Every day physicians deal with patients who could improve their health by engaging in some behavior change, but want instead to be prescribed a pill. A patient might say for example “Yes, I know it would be good for my cardiovascular system if I lost 10 pounds, ate more fruits and vegetables and went for a brisk walk each evening. But I don’t feel like doing those things so give me the statins and the antihypertensives I heard about on that TV ad”.
There are a range of ethical issues for the care provider here, including balancing the need to take care of people while at the same time not enabling poor health behaviour, weighing the risk of side-effects with the benefits of medication, and recognizing that sometimes medications are best but if everyone refuses to change their health behaviour it puts more strain on already strained social programmes (e.g., Medicare), and so forth.
But what doesn’t arise is the “split decision” ethical problem common in child mental health treatment. By “split decision”, I mean when someone is faced with a choice not between changing their behaviour or taking a pill, but changing their behaviour or making someone else take one. Here are some examples of such conundrums:
A 14-year old boy is brought in by his parents, who report that he has low self-esteem and cries a lot. They want him on an anti-depressant. When the doctor observes the family and does a private interview with the boy, s/he discovers that the mother constantly tells the boy that he is fat and stupid, and that it’s his fault that his parents got divorced. The father has visitation rights every weekend, but more than half the time, he doesn’t show up, repeatedly disappointing his son. When these issues are raised with the parents, they say angrily “We told you to fix him, not us!”.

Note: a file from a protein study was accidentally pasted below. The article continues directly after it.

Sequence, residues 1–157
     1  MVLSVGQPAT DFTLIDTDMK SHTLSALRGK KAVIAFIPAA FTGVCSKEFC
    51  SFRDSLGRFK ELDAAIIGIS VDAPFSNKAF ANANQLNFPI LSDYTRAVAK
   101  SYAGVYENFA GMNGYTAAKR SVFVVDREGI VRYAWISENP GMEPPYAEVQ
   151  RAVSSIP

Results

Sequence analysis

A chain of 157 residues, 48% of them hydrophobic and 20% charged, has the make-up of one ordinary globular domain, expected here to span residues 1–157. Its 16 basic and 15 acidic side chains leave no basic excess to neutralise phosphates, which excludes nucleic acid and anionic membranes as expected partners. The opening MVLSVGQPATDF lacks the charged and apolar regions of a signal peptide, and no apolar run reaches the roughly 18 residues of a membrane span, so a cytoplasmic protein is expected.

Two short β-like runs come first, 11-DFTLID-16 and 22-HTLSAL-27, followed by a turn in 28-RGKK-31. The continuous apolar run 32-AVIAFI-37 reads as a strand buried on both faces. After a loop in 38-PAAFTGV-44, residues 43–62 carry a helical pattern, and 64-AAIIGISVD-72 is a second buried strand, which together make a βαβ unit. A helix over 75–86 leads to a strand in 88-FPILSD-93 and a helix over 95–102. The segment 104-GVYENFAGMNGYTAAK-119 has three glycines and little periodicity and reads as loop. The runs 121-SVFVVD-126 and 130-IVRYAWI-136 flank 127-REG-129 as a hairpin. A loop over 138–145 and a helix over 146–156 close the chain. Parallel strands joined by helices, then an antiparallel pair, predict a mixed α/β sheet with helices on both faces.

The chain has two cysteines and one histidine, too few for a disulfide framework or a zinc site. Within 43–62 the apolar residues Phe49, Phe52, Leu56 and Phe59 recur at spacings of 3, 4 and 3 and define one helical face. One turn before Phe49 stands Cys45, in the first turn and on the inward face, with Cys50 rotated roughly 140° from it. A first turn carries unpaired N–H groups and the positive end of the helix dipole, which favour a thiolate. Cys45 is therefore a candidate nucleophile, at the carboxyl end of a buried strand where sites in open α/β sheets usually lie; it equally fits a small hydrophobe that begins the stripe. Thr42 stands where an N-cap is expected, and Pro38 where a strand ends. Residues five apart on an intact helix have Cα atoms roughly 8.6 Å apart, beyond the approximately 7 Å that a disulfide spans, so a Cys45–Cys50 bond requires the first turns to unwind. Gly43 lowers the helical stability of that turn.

A 9-year old girl is engaging in strange ritual behaviours (e.g., compulsively re-arranging her room) and has difficulty concentrating. Her parents want her on an ADHD or anxiolytic medication. Her mother is concerned while the father seems angry to even have to come in to the clinic. You smell alcohol on his breath, and it’s noon. As you watch them leave the clinic the father brushes against another patient and screams “Watch where you are going, you moron!”, leading his child to cover her ears and start sobbing. When you come out to intervene the father tells you to mind your damn business, and that if you don’t put his kid on a medication he will find another doctor who will.
Everything about these situations is terrible, most of all of course for the children concerned. But they are also rough on the treatment provider. To really help the child would require a change in someone else’s behavior, and that person refuses to do anything other than consent to have the child medicated. If you refuse to sign on to this arrangement, the child receives no help at all. If you agree to help the child adapt, you are reinforcing the destructive family myth that the only thing wrong is that the child is defective for a reason at which no one can guess.